Question: If morning glories are such an invasive weed in some places, why can’t I get them to grow here in Maine?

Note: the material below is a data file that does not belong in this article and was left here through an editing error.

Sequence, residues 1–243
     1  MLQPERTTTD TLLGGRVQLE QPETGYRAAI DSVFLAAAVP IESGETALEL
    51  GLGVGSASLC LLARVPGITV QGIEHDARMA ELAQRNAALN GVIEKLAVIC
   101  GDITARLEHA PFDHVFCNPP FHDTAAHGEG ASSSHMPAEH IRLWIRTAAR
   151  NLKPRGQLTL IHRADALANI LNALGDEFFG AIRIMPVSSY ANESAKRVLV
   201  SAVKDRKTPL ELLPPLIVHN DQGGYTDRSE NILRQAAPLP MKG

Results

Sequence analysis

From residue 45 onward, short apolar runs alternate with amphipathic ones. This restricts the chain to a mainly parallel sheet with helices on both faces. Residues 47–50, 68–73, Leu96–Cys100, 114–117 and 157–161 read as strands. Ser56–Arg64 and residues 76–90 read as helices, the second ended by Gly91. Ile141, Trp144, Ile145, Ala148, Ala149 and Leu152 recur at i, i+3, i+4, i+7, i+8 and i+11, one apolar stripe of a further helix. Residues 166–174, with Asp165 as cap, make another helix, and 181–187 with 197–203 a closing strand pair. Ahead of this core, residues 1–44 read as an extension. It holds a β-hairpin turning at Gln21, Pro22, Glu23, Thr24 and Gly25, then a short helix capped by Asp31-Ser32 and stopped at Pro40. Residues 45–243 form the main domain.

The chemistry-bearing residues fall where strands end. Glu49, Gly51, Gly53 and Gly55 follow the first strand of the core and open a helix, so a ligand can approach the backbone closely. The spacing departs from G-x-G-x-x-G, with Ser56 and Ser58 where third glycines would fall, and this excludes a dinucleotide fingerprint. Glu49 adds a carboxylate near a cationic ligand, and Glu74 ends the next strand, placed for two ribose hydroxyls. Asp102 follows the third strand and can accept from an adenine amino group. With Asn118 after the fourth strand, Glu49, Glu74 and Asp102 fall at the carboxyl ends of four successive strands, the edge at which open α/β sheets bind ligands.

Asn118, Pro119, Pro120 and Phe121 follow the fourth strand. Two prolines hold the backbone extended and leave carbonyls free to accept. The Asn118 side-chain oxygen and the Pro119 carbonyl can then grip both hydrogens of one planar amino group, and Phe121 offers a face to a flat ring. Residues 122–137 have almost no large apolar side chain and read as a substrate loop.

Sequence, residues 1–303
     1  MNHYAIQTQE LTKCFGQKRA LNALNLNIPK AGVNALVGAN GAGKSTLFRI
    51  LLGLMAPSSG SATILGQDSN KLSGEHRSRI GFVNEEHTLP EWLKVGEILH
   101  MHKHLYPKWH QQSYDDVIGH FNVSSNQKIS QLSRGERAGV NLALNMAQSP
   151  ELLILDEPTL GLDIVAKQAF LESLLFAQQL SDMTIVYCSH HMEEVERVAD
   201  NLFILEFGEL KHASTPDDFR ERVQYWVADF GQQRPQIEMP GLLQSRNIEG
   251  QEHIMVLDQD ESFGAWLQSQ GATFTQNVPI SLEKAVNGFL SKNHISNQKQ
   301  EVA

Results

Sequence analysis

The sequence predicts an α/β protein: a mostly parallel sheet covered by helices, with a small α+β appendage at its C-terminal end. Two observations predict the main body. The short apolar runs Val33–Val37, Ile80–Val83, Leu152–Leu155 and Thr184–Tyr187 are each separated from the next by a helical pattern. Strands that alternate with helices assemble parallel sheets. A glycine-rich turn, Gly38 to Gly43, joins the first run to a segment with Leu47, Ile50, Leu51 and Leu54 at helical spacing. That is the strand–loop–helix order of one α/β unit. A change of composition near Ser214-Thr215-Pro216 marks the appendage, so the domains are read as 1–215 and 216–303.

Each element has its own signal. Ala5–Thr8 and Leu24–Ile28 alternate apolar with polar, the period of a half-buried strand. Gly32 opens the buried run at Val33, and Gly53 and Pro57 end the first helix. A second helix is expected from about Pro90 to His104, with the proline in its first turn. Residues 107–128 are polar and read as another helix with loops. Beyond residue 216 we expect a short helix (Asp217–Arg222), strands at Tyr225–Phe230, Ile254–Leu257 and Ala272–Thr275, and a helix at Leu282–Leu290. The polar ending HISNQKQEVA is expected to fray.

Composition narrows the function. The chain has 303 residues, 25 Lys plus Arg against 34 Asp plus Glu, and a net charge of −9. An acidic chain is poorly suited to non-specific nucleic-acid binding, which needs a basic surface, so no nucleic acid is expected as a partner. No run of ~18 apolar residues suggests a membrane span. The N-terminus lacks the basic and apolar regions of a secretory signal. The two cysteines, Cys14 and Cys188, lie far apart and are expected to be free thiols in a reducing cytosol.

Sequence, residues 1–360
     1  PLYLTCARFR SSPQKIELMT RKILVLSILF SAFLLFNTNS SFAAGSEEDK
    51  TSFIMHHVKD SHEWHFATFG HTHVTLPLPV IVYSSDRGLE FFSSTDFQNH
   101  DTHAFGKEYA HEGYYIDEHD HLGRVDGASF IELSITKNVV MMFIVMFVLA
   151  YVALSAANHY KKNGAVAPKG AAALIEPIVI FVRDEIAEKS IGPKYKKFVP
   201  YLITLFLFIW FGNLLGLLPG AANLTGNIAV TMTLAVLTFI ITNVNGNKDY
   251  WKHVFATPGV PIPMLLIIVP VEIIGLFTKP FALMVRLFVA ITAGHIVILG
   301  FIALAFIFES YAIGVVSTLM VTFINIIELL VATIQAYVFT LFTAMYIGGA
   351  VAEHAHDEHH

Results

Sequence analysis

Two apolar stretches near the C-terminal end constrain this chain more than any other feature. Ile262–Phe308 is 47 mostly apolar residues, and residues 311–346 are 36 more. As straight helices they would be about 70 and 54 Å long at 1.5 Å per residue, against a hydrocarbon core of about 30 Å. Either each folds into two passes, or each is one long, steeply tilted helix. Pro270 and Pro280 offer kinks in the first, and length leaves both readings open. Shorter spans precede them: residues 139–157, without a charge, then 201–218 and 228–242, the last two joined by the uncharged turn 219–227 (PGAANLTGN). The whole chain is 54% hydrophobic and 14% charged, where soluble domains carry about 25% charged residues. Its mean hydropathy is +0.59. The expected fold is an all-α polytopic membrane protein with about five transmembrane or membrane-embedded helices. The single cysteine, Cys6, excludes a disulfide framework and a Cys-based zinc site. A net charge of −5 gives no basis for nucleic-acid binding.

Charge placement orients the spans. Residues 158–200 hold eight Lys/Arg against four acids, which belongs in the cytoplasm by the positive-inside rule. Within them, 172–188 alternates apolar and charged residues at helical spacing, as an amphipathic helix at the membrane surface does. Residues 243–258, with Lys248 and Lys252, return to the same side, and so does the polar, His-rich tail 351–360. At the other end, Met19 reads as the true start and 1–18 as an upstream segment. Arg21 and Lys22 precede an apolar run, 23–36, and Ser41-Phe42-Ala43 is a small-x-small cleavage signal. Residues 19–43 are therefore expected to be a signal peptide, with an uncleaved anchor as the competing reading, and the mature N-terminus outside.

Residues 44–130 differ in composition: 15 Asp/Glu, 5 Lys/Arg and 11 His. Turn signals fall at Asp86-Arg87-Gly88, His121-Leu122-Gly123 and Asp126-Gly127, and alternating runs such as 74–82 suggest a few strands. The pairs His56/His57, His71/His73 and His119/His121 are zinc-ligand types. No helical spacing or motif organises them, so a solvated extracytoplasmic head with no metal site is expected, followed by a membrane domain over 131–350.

Answer: Pure stubbornness on the part of the flower, no doubt. Here are some tips. First, if you’re starting from seed, try soaking the seeds for 24 hours in warm water. Another trick is to take a file and nick the end of each seed before you plant it. A layer of glass or clear plastic over the seed tray will help maintain the humidity. Keep the seeds warm (70 to 75 degrees F) until they germinate, which can take up to two weeks. Then keep them in a sunny location and make sure they don’t outgrow their pots before you get them outside. Morning glories are notorious weeds in places such as Bermuda (they are, after all, a tropical plant). Although they’ll grow in poor soil and low-moisture areas, they prefer moist, rich soil. They don’t like a lot of nitrogen. Lawn fertilizers, manure, fish meal, bonemeal, and composted peas and beans are all high in nitrogen, so avoid using them near your morning glory vines.